The author looks at the year that was.
It was the best of times, it was the worst of times. It was the year of promising sanity, it was the year of blinding hypocrisy, it was the time of dwindling religious belief, it was the time of horrendous religious fundamentalism, we have everything before us and we have nothing before us. So here’s what 2013 was about.
A former colonist country that spent centuries exploiting and systematically stripping Africa invaded the North African country of Mali, in a strange twist of historical irony, to liberate it from militant Islamism.
The West, that decries the spreading virus of fundamentalism, still used all its technical might to write one of the world’s most sophisticated computer viruses, STUXNET, to seriously damage Iran’s nuclear programme. This year, the country eventually caved in and agreed to limit its ambitions in exchange for lifting of sanctions that go back to a people’s revolution that replaced a tyrannical West-backed Shah who was put in place after the assassination of a democratically elected head of state who wanted to nationalise the country’s oil resources.
Meanwhile, North Korea was busy turning the cognitive dissonance knob to 11. They still use DOS, floppies, fax machines and Dyanora TVs but managed to detonate a nuclear bomb underground. Comically obsolete, yet scarily dangerous.
Speaking of comical obsolescence, Jorge Mario Bergoglio from Argentina became the first head of a major religion in the 21 century to actually make sense in a world that is rapidly running away from religious belief. As faith struggles for relevance and grows stale with mould, he is a breath of fresh air.
While religions are still figuring out if it’s okay for a woman to have control over her reproductive parts and if it’s moral for two consenting same-sex adults to love each other, scientists in the US managed to clone human embryonic stem cells. It is one of the most significant breakthroughs in bio-technology, one that could eventually cure many of our most intractable diseases and increase our lifespan to the point where retiring at 60 will seem ridiculously early.
Folks in Texas were printing guns in 3D this year, while professors in Cornell University were printing ears in 3D with actual living cell-gels, thus promising a future where we can give printed ears to people shot at by other people with printed guns.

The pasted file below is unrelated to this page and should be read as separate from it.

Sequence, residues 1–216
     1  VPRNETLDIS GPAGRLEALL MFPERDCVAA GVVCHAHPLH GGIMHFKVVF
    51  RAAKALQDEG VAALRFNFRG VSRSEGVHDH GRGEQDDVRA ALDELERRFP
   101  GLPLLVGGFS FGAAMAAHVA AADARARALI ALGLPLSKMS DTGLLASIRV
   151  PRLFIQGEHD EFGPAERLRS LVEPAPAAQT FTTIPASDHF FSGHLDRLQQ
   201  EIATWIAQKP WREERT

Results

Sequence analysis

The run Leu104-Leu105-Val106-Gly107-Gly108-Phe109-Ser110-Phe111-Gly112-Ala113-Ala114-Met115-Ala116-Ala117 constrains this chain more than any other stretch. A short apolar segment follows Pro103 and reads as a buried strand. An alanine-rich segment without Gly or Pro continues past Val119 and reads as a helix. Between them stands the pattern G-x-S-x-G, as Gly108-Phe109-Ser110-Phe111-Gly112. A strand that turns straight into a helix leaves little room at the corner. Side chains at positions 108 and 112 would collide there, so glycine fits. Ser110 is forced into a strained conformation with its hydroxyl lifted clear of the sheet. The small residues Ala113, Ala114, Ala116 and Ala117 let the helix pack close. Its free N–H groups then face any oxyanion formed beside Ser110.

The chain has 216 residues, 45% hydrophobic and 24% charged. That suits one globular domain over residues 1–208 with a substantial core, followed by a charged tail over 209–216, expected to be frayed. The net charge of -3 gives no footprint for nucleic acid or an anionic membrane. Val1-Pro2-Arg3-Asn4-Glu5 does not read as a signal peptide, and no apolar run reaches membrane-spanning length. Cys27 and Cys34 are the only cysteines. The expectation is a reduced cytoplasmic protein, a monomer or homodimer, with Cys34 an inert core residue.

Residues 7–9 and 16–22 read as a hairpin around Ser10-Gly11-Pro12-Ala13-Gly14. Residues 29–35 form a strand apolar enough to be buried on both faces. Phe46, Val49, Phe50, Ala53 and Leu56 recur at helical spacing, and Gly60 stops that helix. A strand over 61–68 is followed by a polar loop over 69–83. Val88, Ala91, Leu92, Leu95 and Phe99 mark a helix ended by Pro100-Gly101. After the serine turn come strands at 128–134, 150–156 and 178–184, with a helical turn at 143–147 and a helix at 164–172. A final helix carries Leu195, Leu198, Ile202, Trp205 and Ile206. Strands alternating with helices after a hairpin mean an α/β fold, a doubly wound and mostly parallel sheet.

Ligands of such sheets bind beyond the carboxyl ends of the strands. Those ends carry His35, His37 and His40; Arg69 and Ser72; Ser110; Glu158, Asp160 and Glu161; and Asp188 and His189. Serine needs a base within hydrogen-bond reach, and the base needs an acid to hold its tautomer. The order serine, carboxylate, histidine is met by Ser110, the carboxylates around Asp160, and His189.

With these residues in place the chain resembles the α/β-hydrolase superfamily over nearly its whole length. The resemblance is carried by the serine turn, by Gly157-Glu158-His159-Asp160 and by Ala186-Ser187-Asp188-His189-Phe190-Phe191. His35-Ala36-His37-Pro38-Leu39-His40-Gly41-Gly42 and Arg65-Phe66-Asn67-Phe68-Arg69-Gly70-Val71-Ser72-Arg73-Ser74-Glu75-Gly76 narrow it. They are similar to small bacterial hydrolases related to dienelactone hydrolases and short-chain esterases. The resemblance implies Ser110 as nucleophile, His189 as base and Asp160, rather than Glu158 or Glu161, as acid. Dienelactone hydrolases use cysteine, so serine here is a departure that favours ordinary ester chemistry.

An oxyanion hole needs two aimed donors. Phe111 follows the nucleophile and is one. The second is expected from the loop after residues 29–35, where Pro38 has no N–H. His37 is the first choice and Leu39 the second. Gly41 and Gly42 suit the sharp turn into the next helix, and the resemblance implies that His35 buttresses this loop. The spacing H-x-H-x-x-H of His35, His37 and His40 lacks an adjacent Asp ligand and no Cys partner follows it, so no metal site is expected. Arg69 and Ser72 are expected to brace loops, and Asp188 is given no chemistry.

Snowden in 2013 revealed what George Orwell in 1949 had already revealed in 1984: that Big Brothers who spy on their citizens will go on to do very bad things. He then asked for asylum in a country with a long history of its own citizens seeking asylum from his country.
At the same time, the world lost a brother with a big heart, Nelson Mandela, who was imprisoned for 27 years based on intelligence provided by American spies to an apartheid regime. His death subsequently brought forth a torrent of hypocrisy on social media, with senators who had voted to declare Mandela a terrorist now composing 140-character paeans in his praise.
As one democracy spied on its citizens, the struggling democracy of Egypt deposed a democratically-elected government because it was too religiously inclined.
Typhoons and cyclones hit us hard this year while we were still busy debating the political correctness of ‘climate change’ vs. ‘global warming’. We bemoaned pollution in our cities while driving internal combustion engines powered by subsidised diesel and asking for ‘extra plastic covers’ from retailers.
India sent a probe to Mars and underpaid maids to the US, while China sent a rover to the Moon and underpaid employees to their deaths several floors below sweatshop complexes. The US launched a dysfunctional website to fix a dysfunctional healthcare system and launched functional drones to kill innocent people at wedding functions.
We produced civil engineers who write software code for banks, while churning out whizkids in Newtonian mechanics who migrate to the US to design complex financial derivatives for banks that bring down world economies to the point where outsourcing to India is simply the only way to go. We seem to have that strategy nailed down.
Our moviemakers are still making films that disobey every law the good Isaac ever wrote down. We then universally pan these movies, criticise them to bits, rant about them eloquently and then fork out Rs. 450 per IMAX ticket to watch them with our families because well… it’s timepass.